The Rajya Sabha passed the Companies Bill yesterday. The new legislation, which now needs the President’s nod to become law, will replace the ancient Companies Act of 1956 and has brought in new measures for investor protection, better corporate governance and corporate social responsibility. Here’s what you need to know.
Highlights of the Companies Bill 2012
- Concept of One Person Company (OPC limited) introduced. Which will be treated as Private Limited Company only.
- The bill increased the number of members of private companies from 50 to 200. This allows companies access to large pool of capital without going public.
- The new bill gives recognition to transfer restrictions on inter-se shareholders – ‘Right of First Refusal’ will be enforceable. This would clear existing ambiguity on legal enforceability on transfer restrictions under JV/shareholder agreements.
- While the old bill only permitted merger of a foreign company with an Indian company, the new bill allows merger of Indian companies into foreign companies which would aid in consolidation of cross-border businesses/assets.
- The new bill permits merger of a listed company with an unlisted one, subject to exit opportunity being offered to shareholders of the listed company.
- While the old bill depended on precedents for merger of a subsidiary with a parent (or between two small companies), the new bill provides a separate and simplified regime for this without any approval from High Court.
- The new bill also gives rights for objections to schemes to only creditors who owed over 5 per cent and minority shareholders with over 10 per cent stake against no thresholds earlier.
- The new bill also has a detailed mechanism for acquisition of shares by majority shareholder from minority shareholders.
- The bill restricts creation of multi-layered holding structures, prohibiting making investments through more than two layers of investment companies.
- The new bill bans holding ‘Treasury Stock’, which is often used by companies to increase shareholding or future monetization after consolidation.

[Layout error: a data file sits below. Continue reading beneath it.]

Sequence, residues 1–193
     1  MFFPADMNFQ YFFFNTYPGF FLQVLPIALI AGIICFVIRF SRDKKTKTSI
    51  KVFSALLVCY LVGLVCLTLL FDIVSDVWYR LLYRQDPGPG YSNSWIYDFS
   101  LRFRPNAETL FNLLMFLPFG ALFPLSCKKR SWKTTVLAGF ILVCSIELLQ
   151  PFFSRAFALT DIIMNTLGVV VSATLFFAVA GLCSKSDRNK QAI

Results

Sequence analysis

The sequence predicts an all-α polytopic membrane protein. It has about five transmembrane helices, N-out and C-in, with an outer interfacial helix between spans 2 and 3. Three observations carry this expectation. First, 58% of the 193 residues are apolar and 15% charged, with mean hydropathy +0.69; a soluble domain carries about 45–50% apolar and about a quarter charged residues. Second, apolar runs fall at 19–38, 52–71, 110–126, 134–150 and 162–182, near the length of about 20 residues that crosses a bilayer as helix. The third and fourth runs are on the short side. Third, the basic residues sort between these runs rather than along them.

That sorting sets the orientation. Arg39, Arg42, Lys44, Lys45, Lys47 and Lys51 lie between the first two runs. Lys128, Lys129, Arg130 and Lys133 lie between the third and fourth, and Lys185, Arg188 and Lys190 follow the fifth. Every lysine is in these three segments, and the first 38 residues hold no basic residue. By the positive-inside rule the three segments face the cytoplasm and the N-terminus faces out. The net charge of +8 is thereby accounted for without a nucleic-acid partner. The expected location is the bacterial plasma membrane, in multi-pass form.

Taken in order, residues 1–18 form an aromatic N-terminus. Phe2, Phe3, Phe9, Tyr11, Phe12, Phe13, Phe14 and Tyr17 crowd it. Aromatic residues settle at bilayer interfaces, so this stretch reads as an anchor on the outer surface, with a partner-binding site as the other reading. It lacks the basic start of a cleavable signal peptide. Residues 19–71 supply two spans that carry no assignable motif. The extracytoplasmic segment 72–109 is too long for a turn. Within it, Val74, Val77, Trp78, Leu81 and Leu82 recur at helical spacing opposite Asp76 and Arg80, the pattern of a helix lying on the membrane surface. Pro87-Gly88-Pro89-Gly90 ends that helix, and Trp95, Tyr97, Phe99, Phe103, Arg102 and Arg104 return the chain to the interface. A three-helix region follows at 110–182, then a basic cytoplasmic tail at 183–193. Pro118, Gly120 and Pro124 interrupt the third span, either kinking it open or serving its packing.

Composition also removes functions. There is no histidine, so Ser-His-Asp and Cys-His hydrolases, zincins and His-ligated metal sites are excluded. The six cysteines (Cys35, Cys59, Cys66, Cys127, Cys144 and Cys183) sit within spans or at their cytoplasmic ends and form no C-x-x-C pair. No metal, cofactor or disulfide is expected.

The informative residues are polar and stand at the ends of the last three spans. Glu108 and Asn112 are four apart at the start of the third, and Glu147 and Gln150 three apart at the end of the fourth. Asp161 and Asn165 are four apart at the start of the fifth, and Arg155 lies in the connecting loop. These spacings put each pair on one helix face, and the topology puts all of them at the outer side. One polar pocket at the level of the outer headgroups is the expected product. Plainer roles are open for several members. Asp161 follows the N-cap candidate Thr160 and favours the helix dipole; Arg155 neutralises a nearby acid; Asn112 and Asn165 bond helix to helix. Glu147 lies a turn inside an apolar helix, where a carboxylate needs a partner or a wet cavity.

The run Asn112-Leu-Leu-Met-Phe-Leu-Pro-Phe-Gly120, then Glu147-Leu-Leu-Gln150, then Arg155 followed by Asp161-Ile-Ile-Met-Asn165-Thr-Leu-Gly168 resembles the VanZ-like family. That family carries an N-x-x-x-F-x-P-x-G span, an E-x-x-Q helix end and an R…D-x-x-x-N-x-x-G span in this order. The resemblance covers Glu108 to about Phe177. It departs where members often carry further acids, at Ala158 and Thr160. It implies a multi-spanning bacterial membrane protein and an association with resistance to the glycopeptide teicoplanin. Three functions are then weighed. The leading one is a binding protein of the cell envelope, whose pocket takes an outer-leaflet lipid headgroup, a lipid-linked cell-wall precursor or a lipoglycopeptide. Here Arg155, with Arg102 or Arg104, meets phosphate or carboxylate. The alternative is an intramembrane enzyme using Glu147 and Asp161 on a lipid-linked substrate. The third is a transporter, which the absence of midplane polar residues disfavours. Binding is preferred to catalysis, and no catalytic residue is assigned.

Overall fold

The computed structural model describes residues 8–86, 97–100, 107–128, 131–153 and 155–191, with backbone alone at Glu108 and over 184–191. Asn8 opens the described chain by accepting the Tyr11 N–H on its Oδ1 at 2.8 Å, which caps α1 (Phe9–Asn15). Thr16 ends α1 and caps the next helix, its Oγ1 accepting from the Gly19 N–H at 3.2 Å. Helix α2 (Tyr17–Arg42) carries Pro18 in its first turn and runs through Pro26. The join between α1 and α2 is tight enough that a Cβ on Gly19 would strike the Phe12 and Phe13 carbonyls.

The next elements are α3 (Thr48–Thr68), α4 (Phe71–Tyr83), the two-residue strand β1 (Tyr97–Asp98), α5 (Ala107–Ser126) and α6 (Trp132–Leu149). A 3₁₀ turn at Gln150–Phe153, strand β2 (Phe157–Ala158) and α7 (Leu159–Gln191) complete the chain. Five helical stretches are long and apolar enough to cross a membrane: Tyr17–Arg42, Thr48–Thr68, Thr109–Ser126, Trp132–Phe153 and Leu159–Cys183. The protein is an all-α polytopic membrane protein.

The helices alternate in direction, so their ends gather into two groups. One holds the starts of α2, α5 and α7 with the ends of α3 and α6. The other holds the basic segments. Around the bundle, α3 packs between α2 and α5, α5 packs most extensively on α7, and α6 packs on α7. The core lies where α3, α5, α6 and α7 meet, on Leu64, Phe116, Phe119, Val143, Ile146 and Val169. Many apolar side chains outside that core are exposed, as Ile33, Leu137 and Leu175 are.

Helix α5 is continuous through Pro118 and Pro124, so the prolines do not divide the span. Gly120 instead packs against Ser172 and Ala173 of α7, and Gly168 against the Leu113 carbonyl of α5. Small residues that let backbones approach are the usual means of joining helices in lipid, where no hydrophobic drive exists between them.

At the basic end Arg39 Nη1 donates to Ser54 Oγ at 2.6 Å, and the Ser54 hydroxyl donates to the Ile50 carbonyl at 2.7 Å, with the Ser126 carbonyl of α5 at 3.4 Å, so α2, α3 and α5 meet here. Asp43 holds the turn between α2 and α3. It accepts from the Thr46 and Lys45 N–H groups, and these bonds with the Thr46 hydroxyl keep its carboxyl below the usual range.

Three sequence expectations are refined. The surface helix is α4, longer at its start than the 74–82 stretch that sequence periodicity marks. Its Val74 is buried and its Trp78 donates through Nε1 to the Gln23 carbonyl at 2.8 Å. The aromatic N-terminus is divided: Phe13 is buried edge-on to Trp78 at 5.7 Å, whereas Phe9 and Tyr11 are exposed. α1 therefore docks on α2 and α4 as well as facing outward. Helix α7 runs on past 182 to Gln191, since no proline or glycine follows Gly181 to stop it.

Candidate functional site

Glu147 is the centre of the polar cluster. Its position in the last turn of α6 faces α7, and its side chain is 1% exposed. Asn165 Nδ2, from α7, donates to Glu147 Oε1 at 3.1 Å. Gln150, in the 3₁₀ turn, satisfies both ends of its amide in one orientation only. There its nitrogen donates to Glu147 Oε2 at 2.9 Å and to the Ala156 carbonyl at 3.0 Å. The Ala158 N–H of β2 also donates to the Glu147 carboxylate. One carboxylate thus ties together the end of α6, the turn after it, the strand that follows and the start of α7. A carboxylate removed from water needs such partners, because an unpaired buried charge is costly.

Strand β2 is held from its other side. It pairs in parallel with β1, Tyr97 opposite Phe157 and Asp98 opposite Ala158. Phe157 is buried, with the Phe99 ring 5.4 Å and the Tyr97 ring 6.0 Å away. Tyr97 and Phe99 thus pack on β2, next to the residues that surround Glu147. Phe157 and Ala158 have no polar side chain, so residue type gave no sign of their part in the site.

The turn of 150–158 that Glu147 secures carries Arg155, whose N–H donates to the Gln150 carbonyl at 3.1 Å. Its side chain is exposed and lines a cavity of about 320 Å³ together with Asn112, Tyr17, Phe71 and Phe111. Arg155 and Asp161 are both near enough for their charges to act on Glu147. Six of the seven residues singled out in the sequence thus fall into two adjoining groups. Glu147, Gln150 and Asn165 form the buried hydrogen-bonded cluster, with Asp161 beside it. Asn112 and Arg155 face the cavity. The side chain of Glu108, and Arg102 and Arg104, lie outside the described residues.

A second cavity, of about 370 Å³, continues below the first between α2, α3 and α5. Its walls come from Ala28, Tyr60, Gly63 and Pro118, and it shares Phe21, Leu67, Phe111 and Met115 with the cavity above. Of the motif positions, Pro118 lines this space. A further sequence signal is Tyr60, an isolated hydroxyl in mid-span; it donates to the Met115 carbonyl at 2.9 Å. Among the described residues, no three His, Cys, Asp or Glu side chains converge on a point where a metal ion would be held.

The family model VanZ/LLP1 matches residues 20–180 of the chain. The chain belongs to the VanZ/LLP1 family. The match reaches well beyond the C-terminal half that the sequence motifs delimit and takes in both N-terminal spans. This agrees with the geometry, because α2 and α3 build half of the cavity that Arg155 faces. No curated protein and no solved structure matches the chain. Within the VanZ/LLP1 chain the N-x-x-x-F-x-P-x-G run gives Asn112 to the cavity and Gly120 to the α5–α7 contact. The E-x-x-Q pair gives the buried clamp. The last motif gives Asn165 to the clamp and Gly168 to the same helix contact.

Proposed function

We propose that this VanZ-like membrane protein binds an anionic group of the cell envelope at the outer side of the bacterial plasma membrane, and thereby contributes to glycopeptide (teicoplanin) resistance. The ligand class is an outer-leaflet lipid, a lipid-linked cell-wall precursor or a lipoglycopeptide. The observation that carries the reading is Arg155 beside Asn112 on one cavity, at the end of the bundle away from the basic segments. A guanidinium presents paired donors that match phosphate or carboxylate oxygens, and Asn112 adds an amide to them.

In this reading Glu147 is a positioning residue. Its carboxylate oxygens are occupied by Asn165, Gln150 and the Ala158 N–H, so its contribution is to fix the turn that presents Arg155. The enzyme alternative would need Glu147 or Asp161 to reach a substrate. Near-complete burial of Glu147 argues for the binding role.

- The new bill asks that listed companies and other specified companies will have to change individual auditor after five years and audit firm after 10 years. The old bill had no provisions for this.
- Under the new bill, companies are required to spend at least 2 per cent of their net profit on CSR. The companies will also have to give preference to the local areas of their operation for such spending.
- The new bill also requires companies to appoint one woman director.
- The proposed legislation would ensure setting up of special courts for speedy trial and stronger steps for transparent corporate governance practices and curb corporate misdoings.
- The changed law allows more statutory powers to the government’s investigative arm Serious Fraud Investigation Office (SFIO) to tackle corporate fraud.
- To help in curbing a major source of corporate delinquency, introduces punishment for falsely inducing a person to enter into any agreement with bank or financial institution, with a view to obtaining credit facilities.
- The limit in respect of maximum number of companies in which a person may be appointed as auditor has been proposed as 20.
- Independent directors’ shall be excluded for the purpose of computing ‘one third of retiring directors’.
- Appointment of auditors for 5 years shall be subject to ratification by members at every Annual General Meeting.
- ‘Whole-time director’ has been included in the definition of the term ‘key managerial personnel’.
- The term ‘private placement’ has been defined to bring clarity.
- Maximum number of directors in a private company increased from 12 to 15 which can be increased further by special resolution.
- Financial Year of any company can end only on March 31 and only exception is for companies, which are holding / subsidiary of a foreign entity requiring consolidation outside India, can have a different financial year with the approval of Tribunal.
In conclusion the bill provides for class action suit, the move aids individual shareholder to take action against companies, better disclosure requirements in financial statements and disclosure of interests of directors etc. The bill has tightened the screws on insider trading norms in the country, it aims at prohibition on forward dealings in securities of company by key managerial personnel, insider trading rules and restriction on non-cash transactions involving directors. It has also streamlined procedures relating to disclosure of transactions with parties related to directors, promoters etc.
About the Author: Navin Rungta, is the co-founder of e-Lagaan, a services company which offers CA, CS, business legal & payroll services for businesses in India.